Most likely you’ve never heard of Saba—a petite, high-rising volcanic island in the Caribbean Sea, 28 miles southwest of St. Maarten, that has somehow managed to evade the attention of travel know-it-alls and tourist hordes — so let me introduce you to a small island that makes a big impression.

Though a mere 12-minute flight from St. Maarten’s Princess Julianna International Airport, Saba stands an ocean apart from its casino-strewn, commercialized neighbor. Rising dramatically 2,900 feet above sea level, Saba’s five square miles are a vision of mist-shrouded mountains, lush rainforest, and precipices that redefine the term “off the beaten track.”

Below the water surface, Saba’s tropical waters provide a playground for extreme scuba wanderlust, brimming with exceptional marine diversity and jaw-dropping natural pinnacles.

St. Maarten’s spring break madness is the last thing you’ll encounter on this beautiful Dutch island of less than 2,000 residents; instead you’ll discover myriad hiking trails, no less than 26 spectacular dive sights, a lively “downtown” with a dozen or so restaurants, and charms typical of a small country town.

One main road zigzags through the island, appropriately dubbed “The Road,” passing through villages uniform in design — a sort of Caribbean Nantucket, but with white-and red-painted homes. Signs point to the island’s hiking trails, such as “TheLadder,” where a massive rock-hewn staircase scales the mountainside, recalling Machu Picchu, and ends at the crystalline waters of the island’s western reaches.

Surprisingly, luxury has also made its way to this delightfully uncomplicated island. Saba’s most coveted address is the Haiku House, also known as the Queen’s Villa of the greater Queen’s Gardens Resort. Perched high up in the mountains, the secluded three-bedroom and design-savvy Haiku House towers imposingly over the island’s natural scenery. Holland’s top interior designer, Jan des Bouvrie, meticulously decorated this all-wood, Japanese-inspired ocean home, appointing understated interiors that fuse seamlessly with the floor-to-ceiling glass sliding doors and structural wood-on-wood juxtapositions. Haute details are the norm here. For example, the ceiling’s wood trusses are perfectly grooved throughout to provide optimal acoustics for your iPod’s playlist.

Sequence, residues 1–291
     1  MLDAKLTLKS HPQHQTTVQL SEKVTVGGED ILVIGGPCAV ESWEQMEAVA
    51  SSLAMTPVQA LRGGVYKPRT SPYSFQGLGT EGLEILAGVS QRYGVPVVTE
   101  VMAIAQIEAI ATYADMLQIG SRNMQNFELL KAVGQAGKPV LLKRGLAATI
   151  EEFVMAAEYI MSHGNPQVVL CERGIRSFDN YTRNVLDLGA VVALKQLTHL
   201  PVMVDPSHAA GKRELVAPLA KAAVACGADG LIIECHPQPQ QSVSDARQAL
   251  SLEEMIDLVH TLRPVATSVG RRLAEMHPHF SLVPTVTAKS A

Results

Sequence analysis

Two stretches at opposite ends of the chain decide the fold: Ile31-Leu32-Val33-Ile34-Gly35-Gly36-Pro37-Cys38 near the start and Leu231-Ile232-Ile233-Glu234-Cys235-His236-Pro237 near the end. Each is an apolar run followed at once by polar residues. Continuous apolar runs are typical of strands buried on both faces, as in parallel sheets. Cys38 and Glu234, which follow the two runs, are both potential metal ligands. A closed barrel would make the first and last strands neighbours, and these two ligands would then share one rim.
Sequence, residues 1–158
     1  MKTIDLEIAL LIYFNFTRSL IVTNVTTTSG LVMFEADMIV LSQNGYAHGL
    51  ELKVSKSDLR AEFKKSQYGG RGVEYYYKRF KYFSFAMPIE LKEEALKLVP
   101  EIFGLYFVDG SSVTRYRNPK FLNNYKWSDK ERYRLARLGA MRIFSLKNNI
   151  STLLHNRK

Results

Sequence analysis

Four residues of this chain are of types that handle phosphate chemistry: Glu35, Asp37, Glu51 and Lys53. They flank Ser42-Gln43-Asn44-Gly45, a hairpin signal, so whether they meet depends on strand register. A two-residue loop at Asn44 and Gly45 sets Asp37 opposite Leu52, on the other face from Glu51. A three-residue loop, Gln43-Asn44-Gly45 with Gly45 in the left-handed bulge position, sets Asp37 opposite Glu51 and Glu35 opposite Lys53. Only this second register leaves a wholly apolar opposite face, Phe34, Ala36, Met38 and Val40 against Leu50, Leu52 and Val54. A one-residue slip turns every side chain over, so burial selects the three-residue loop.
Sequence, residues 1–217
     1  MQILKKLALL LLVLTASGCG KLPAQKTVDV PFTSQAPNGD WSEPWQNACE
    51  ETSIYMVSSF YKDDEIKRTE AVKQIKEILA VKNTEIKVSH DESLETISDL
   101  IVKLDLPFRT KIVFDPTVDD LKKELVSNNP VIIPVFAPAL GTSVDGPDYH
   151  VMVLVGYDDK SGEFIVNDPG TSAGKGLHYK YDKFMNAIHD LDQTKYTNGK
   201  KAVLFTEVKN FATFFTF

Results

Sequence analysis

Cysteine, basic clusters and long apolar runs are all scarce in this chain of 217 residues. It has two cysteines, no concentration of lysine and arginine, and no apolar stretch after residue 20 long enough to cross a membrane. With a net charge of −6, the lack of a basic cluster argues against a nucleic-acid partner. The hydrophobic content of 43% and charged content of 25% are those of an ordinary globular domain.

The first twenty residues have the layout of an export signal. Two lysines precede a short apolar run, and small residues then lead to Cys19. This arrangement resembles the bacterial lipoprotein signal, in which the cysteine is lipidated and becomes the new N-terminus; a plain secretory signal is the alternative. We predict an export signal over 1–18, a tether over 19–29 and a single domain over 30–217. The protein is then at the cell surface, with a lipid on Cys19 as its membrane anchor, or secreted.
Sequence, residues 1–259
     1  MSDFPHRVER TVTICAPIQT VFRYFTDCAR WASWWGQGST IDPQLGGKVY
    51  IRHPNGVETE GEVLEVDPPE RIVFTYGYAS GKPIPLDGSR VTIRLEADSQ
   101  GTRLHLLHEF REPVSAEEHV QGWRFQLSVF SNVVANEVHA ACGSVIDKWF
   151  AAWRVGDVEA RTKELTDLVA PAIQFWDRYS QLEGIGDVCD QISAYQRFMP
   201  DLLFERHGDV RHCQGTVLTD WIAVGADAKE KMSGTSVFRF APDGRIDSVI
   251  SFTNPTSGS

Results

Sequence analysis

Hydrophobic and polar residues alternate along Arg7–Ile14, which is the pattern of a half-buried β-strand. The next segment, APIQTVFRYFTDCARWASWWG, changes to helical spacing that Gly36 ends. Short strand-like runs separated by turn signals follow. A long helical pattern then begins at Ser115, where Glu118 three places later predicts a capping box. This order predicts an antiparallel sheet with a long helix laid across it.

Enjoy dramatic island views from the sun terrace at Haiku House

The villa’s 360-degree wrap-around balcony gurantees stunning views at all times while a multi-tiered cliffside deck ensures many a memorable evening with sundowner cocktails. A private pool and Jacuzzi complete the scene, placing the Haiku House on par with some of the Caribbean’s most esteemed villas.

Further down the mountain, the principal enclave of the Queen’s Gardens Resort offers more traditional Caribbean accommodations delivered with upscale creature comforts such as private plunge pools, exemplary hospitality, and sensational gastronomy. At each meal, the resort’s cuisine falls nothing short of experiential. Though ingredients come but weekly by boat, everything is homemade at the house restaurant from bread to falafel and ice creams. Be sure to reserve dinner one night in the resort’s Birds Nest, a funky tree house serving a large slice of romance with your day-caught lobster.

For underwater enthusiasts, The Queen’s Gardens Resort has teamed up with dive outfitter Saba Deep for extended exploits into submarine splendor. While Saba’s sole beach, the black-sanded Well’s Bay, comes and goes with the seasons, its dive sites provide underwater rapture year-round just a few minutes offshore.

Like the land above, Saba’s waters foster an induced state of complete escapism. And that’s what this tiny island is all about—escaping the ordinary. Indeed, this contemporary Eden handsomely rewards those taking the road less traveled, but it’s not for everyone.

Even with a posh pad like the Haiku House, Saba demands a love for the outdoors and an inclination for castaway fantasies. Only the truly adventurous need apply.,